The update includes:

  • Integrated Street View - The Google Maps Street View experience is now fully integrated into Google Earth. Pegman (the little guy that represents your Street View position) is now docked alongside the Google Earth navigation controls, where he launches Street View just like he does in Google Maps. The difference here is that you can go from orbiting the earth to standing in front of your childhood home. It may be a little disorienting.
  • 3D Trees - While Google Earth has supported 3D buildings for some time, trees were only recently added to liven up the environments. The addition allows those using walking navigations to take direct paths and — as the video illustrates — not walk into trees. It also keeps the landscape from looking like a desolate wasteland.
  • Better Historical Imagery - Historical imagery allows users to look at map views of times like Warsaw in 1935, London in 1945 and Port-au-Prince Haiti before and after the January earthquake. The feature was first added in Google Earth 5, but it wasn’t always clear when and where it was available. In Google Earth 6, the date of the oldest imagery will appear in the status bar at the bottom of the screen.
  • All in all, Google Earth 6 is more of a refinement than an outright overhaul, but if you’re a fan of Google Earth, you’re going to want to grab the new version stat. If you’ve never used the service, maybe this video demonstration will change your mind:

    More About: geolocation, google earth, Google Maps, navigation, streetview

    For more Tech coverage:

July 10 2010

Google Maps Adds 45° Aerial Imagery For All Users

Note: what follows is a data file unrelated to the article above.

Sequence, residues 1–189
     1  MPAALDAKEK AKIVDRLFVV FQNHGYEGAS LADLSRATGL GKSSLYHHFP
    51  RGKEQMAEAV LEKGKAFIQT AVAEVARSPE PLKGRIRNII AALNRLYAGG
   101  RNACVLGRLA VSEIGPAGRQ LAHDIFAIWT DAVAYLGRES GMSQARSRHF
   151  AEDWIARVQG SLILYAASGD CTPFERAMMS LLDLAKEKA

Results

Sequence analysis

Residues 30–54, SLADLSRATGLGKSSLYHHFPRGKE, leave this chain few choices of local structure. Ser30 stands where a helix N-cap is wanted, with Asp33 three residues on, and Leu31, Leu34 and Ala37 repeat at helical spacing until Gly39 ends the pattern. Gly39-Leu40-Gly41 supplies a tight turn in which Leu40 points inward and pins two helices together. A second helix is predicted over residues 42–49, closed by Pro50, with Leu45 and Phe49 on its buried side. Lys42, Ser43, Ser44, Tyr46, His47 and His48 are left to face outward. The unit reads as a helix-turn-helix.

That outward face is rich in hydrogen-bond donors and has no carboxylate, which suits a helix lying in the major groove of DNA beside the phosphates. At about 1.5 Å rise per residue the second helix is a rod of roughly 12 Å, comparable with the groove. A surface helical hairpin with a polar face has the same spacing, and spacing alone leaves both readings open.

Google has granted all Google Maps users the ability to view aerial photos taken at a 45° angle. Just zoom in at one of the supported locations and you’ll get a better view than you could before.

The feature was previously only available to developers and as part of Labs for Google Maps, a set of work-in-progress features that you had to opt in to. Now anyone who uses Google Maps can see the aerial images, but the locations are limited to just a few cities in Europe and South Africa, and on the west coast of the United States.

These pictures are taken from the air, not from orbit, so they’re sharper and their angle allows you to appreciate landmarks and buildings as they appear from the side, not just directly above. Microsoft’s Bing Maps has offered similar, higher-quality images by default for some time, so Google’s playing catch-up here.

Where It’s Available

Google Maps 45° aerial imagery is only available for a few locations in North America, Europe and Africa at present, but hopefully it will expand to more locations later. For now, the supported locations include places in Bloemfontein, Cape Town, Durban, Johannesburg, Nelspruit, Polokwane, Port Elizabeth, Pretoria, and Rustenburg in South Africa; Portland, Sacramento, San Diego, San Jose, Santa Cruz and Santa Clara in the United States; Dortmund in Germany and Venice in Italy.

Here’s a map of the support locations. You can browse the map yourself at Google’s website.

Reviews: Google, Google Maps

More About: aerial imagery, Google, google labs, Google Maps, navigation, satellite imagery

For more Social Media coverage:

April 23 2010

March 30 2010

MapQuest Brings Free Voice Navigation to the iPhone

It’s quite inevitable, really: after Google announced free turn-by-turn GPS navigation for Android devices, followed by Nokia’s decision to offer the same on its smartphones, the price of full-featured GPS navigation apps on other platforms is hurling towards zero.

Case in point: MapQuest 4 Mobile, a free GPS navigation app for the iPhone, now offers “basic voice guidance.

The app will tell you when you need to take a turn, and if you get lost, it will warn you that you’re off route. Other features include saving maps and routes on MapQuest.com and retrieving them on your iPhone, easy POI finding via the OS X dashboard-like Place Carousel, finding you on a map or in relation to a route, and free form search.

The app is available for free in Apple’s App Store.

Tags: gps, iphone, MapQuest, maps, Mobile 2.0, navigation